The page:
Under this test, the court first determines whether plaintiffs have provided sufficient evidence of similarly-situated potential plaintiffs to warrant court-facilitated notice. Aguilar, 2004 WL 2293842, at *1. If they have, the court "conditionally certifies" the class and facilitates notice to the potential plaintiffs. Id. Second, the court reexamines the class after notice, time for opting in, and discovery have taken place, typically in response to defendant's motion. Id. If the court finds that the class is no longer made up of similarly-situated persons, it decertifies the class. Id. "To establish that employees are similarly situated, a plaintiff must show that they are similarly situated with respect to their job requirements and with regard to their pay provisions. The positions need not be identical, but similar." Id. (internal citation and quotation marks omitted).

         The court is generally more "lenient" with regard to substantial similarity during the "notice" stage of the analysis, id. at *2, but "notice is by no means mandatory." Harris v. Fee Transp. Servs., Inc., 2006 WL 1994586, at *2 (N.D. Tex. May 15, 2006) (Solis, J.) (citing Hall v. Burk, 2002 WL 413901, at *2 (N.D. Tex. Mar. 11, 2002) (Sanders, J.)). "[T]he relevant inquiry in each particular case is whether it would be appropriate to exercise [the court's] discretion" to facilitate notice. Id. A primary reason for exercising this discretion is to ensure that the joining of other parties occurs in an "orderly, sensible, . . . efficient and proper way." See Hoffmann-La Roche, 493 U.S. at 170-71. The use of court-facilitated notice can ensure that information is timely, accurate, and informative, and it can also guard against abuse by misleading communications. Id. at 171-72. The parties and the court can benefit from settling disputes about the content of the notice before it is distributed, because it may avoid the need to cancel consents obtained in an improper manner. Id. at 172.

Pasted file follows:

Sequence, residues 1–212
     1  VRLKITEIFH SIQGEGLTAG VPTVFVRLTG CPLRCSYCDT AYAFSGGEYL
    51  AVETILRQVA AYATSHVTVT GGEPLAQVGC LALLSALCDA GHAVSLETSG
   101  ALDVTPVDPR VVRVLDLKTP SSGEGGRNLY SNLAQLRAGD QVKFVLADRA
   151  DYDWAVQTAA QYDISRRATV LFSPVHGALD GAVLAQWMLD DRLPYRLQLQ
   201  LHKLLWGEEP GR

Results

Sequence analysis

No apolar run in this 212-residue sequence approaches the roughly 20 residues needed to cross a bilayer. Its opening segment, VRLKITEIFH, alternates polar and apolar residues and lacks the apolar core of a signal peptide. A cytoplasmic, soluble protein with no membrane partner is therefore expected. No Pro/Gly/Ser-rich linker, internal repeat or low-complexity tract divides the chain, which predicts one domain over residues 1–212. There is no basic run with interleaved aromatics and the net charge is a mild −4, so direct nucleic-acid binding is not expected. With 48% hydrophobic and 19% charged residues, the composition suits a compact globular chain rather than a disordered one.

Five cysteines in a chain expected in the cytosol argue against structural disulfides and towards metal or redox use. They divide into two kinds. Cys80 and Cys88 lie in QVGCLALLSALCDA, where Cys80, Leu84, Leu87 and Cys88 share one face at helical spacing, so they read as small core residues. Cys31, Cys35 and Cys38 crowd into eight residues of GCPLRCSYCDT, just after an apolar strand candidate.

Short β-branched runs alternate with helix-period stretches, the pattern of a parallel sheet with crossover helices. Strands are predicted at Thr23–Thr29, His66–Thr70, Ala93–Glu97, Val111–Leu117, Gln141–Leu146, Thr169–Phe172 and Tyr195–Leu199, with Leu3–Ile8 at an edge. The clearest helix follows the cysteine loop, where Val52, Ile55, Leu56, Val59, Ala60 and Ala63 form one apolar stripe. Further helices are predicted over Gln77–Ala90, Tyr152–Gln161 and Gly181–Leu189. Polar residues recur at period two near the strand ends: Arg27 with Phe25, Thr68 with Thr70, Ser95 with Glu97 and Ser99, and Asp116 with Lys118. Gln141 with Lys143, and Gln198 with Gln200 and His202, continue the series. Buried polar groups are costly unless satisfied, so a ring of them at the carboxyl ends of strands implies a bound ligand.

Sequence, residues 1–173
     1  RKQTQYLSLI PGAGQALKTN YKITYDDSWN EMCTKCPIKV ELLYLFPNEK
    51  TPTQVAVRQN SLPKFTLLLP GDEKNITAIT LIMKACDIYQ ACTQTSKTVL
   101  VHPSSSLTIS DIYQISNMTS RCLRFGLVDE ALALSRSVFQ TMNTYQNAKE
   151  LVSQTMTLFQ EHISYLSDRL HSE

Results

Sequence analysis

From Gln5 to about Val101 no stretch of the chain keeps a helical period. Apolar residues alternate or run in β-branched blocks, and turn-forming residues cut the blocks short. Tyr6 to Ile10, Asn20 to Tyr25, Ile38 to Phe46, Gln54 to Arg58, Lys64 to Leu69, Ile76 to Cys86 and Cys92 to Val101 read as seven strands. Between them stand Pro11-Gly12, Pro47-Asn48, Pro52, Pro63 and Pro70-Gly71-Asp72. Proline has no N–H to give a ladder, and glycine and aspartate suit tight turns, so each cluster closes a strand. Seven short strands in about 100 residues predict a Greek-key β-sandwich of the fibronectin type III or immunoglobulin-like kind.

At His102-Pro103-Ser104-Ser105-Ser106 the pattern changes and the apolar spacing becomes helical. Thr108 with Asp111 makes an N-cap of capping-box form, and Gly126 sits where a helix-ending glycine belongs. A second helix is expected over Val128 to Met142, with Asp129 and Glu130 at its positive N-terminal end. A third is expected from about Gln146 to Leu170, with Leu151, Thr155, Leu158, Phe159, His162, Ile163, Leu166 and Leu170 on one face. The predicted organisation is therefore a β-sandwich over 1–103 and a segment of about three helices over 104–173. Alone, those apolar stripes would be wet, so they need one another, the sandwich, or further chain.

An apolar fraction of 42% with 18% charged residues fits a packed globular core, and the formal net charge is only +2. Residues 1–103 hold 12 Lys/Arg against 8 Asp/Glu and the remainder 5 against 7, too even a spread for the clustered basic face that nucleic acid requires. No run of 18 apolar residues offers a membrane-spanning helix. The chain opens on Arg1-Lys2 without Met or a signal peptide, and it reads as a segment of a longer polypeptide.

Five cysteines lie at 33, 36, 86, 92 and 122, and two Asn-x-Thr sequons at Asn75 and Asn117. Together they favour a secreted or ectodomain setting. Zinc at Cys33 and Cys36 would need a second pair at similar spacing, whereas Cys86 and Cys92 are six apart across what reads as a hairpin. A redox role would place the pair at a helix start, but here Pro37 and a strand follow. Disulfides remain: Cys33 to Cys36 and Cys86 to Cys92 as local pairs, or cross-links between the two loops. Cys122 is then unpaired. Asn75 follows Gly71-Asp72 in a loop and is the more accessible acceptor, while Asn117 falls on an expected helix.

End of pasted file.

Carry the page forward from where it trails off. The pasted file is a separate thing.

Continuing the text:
In this case, it is undisputed that plaintiffs perform similar job duties for similar pay. But Omni argues that plaintiffs are not similarly situated because they worked at different hotels, so they were subject to different policies and practices that are too individualized for conditional certification to be appropriate.

         The court is unpersuaded by Omni's argument. To succeed at this stage of certification, plaintiffs are not necessarily required to provide a substantial allegation that the potential class members were subject to a common decision, policy, or plan. See Behnken, 997 F.Supp.2d at 518 n.4 (citation omitted) ("The court notes that other courts have suggested that an allegation of a common decision, policy, or plan may not be required under § 216(b)."). But in this case, plaintiffs have made substantial allegations of such a policy or plan.

         Plaintiffs each aver that defendants did not pay them overtime for work in excess of 40 hours per week. In their declarations plaintiffs do not describe the exact scenarios under which Orta and Omni failed to pay overtime compensation to housekeepers. But no matter what method defendants allegedly used to deny overtime compensation to housekeepers, each was allegedly part of a single policy or plan, applied to all potential class members, not to pay for overtime work. See Ryan v. Staff Care, Inc., 497 F.Supp.2d 820, 825 (N.D. Tex. 2007) (Fish, C.J.) (quoting Donohue v. Francis Servs., Inc., 2004 WL 1161366, at * 1 (E.D. La. May 24, 2004)) ("A court may deny a plaintiffs right to proceed collectively only if the action arises from circumstances purely personal to the plaintiff, and not from any generally applicable rule, policy, or practice."); see also Tice v. AOC Senior Home Health Corp., 826 F.Supp.2d 990, 996 n.2 (E.D. Tex. 2011) (holding that plaintiffs presented sufficient evidence of single, decision, policy, or plan where they demonstrated that they were not paid overtime for work in excess of 40 hours per week).

         "Although the need for individual testimony may become apparent at a later stage of this lawsuit, it does not negate that plaintiffs have presented a 'factual nexus' that binds the named plaintiffs and the potential class members." Behnken, 997 F.Supp.2d at 521 (citing Proctor v. Allsups Convenience Stores, Inc., 250 F.R.D. 278, 280 (N.D. Tex. 2008) (Robinson, J.)). That factual nexus is the alleged practice of Orta's failing to pay overtime to housekeepers who worked more than 40 hours ...